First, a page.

Sheila S. Hemami, Professor
Current state-of-the-art algorithms that process visual information for end use by humans treat images and video as traditional signals and employ sophisticated signal processing strategies to achieve their excellent performance. These algorithms also incorporate characteristics of the human visual system (HVS), but typically in a relatively simplistic manner, and achievable performance is reaching an asymptote. However, large gains are still realizable with current techniques by aggressively incorporating HVS characteristics, combined with a good dose of clever signal processing. Achieving these gains requires HVS characterizations which better model natural image perception ranging from sub-threshold perception (where distortions are not visible) to suprathreshold perception (where distortions are clearly visible). In this talk, I will present results from our lab characterizing the responses of the HVS to natural images, and contrast these results with 'classical' psychophysical results. I will also present applications of these results to image compression and quality assessment, as well as some signal processing problems (and their solutions) that emerged in applying the psychophysical results.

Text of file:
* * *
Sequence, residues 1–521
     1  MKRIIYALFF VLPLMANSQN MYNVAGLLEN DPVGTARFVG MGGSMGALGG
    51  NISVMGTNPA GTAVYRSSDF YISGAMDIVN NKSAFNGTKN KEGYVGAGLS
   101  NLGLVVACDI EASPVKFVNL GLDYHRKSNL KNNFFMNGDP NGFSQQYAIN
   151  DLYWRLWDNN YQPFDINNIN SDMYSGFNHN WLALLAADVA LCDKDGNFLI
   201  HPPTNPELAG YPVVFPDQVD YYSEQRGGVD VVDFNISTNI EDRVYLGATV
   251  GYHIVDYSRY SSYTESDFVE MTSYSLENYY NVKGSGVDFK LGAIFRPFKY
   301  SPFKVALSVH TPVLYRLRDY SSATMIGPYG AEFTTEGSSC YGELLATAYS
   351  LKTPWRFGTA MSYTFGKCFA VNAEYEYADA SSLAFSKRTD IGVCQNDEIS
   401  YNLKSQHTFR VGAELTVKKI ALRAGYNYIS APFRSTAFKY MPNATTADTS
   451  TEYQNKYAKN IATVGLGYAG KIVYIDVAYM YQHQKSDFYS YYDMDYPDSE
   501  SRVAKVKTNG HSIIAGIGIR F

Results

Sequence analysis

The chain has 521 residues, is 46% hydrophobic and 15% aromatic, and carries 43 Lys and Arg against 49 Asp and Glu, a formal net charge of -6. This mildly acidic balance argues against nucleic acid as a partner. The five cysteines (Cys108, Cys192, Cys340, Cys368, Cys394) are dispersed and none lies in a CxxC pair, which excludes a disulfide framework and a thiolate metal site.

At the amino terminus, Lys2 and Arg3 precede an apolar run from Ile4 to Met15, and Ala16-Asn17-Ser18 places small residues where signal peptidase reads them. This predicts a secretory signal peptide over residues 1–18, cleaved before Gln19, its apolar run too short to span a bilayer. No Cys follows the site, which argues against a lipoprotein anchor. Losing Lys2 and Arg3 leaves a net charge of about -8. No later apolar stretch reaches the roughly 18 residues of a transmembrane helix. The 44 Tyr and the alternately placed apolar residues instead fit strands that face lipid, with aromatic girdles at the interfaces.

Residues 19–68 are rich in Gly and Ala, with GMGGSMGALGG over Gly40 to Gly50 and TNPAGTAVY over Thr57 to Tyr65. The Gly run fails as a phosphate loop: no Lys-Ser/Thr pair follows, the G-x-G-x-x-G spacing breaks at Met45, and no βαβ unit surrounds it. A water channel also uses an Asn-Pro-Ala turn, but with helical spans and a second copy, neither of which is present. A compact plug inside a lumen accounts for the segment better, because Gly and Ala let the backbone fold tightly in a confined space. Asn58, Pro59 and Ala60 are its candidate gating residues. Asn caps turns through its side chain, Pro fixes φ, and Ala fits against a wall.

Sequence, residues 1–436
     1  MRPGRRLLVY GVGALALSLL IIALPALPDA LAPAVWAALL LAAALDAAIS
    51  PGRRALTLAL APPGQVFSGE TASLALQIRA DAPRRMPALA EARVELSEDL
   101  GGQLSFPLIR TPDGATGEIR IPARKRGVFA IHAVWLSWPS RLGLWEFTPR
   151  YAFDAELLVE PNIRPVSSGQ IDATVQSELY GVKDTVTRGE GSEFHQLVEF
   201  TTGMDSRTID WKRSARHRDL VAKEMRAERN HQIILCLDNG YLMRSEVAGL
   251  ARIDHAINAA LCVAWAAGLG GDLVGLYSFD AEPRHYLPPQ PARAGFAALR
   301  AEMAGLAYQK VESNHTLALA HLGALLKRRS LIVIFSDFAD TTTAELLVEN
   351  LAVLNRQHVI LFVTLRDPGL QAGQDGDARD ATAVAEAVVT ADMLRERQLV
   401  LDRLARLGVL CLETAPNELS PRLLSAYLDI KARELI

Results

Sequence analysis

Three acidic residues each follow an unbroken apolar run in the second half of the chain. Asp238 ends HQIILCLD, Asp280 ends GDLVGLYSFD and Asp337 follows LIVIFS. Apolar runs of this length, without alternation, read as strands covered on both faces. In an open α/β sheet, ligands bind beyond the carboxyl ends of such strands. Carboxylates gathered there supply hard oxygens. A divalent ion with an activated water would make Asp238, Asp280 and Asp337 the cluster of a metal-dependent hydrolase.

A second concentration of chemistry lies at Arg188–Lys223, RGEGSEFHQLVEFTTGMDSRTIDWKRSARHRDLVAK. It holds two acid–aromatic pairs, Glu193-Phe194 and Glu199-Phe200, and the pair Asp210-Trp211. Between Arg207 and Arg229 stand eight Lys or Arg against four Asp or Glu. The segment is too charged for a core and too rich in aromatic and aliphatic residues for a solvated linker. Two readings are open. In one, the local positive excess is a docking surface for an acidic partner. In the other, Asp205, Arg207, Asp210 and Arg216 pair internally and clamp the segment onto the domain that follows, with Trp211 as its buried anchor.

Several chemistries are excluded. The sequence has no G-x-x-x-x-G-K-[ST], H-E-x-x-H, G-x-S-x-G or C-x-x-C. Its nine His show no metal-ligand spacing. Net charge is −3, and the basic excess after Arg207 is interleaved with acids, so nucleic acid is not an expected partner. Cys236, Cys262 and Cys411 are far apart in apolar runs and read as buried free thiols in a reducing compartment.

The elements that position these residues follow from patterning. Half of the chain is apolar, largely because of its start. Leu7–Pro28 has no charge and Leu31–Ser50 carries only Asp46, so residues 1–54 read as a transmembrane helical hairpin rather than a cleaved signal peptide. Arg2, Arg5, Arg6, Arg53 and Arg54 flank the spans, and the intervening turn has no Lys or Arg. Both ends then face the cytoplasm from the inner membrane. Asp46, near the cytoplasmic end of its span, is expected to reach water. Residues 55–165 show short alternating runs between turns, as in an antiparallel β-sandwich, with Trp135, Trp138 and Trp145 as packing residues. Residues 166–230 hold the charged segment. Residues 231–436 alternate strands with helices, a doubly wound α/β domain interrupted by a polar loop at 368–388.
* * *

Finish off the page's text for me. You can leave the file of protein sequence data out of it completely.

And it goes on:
Sheila S. Hemami (F) received the B.S.E.E. degree from the University of Michigan in 1990, and the M.S.E.E. and Ph.D. degrees from Stanford University in 1992 and 1994, respectively. Her Ph.D. thesis was entitled "Reconstruction of Compressed Images and Video for Lossy Packet Networks" and she was one of the first researchers to work on what we now call "error concealment." She was with Hewlett-Packard Laboratories in Palo Alto, California in 1994 and worked on video-on-demand. She joined the School of Electrical Engineering at Cornell University in 1995, where she holds the title of Professor and directs the Visual Communications Laboratory.
Dr. Hemami is an IEEE Fellow and has held various visiting positions, most recently at the University of Nantes, France and at Ecole Polytechnique Federale de Lausanne, Switzerland. She has received numerous college and national teaching awards, including Eta Kappa Nu's C. Holmes MacDonald Award. She is currently Editor-in-Chief, IEEE Transactions on Multimedia (2008-10); Member-at-Large of the IEEE Signal Processing Society Board of Governors (2009-11), and an SPS Distinguished Lecturer (2010-11). She has Chaired the IEEE Image and Multidimensional Signal Processing Technical Committee (2006-07); and served as Associate Editor, IEEE Transactions on Signal Processing (2000-06).